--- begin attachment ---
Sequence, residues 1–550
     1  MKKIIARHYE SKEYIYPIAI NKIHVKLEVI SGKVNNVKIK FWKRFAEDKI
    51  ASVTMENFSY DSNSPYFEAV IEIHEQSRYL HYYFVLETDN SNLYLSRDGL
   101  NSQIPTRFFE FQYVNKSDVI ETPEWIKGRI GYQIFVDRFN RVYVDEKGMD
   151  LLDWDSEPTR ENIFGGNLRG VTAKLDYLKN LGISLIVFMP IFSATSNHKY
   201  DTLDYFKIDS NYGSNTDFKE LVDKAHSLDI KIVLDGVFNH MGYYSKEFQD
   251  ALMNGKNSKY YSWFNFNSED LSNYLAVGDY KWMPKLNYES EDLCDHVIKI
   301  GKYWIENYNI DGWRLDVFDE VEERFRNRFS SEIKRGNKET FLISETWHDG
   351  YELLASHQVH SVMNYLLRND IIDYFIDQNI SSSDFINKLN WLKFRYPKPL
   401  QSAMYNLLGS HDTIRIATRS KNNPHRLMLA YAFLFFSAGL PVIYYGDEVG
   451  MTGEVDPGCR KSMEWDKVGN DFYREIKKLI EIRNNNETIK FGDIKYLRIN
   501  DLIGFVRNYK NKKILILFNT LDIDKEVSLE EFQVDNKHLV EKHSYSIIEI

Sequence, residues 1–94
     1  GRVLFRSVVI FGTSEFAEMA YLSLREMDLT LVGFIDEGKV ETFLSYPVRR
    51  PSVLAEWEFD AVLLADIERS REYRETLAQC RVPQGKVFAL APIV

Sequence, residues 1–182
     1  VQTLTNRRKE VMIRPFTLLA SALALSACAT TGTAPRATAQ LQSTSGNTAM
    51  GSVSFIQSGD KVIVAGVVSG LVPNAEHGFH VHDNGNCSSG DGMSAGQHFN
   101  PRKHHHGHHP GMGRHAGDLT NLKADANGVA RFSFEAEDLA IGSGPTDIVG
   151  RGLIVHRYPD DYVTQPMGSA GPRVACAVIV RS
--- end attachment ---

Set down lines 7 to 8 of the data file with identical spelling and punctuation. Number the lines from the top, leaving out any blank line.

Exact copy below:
   251  ALMNGKNSKY YSWFNFNSED LSNYLAVGDY KWMPKLNYES EDLCDHVIKI
   301  GKYWIENYNI DGWRLDVFDE VEERFRNRFS SEIKRGNKET FLISETWHDG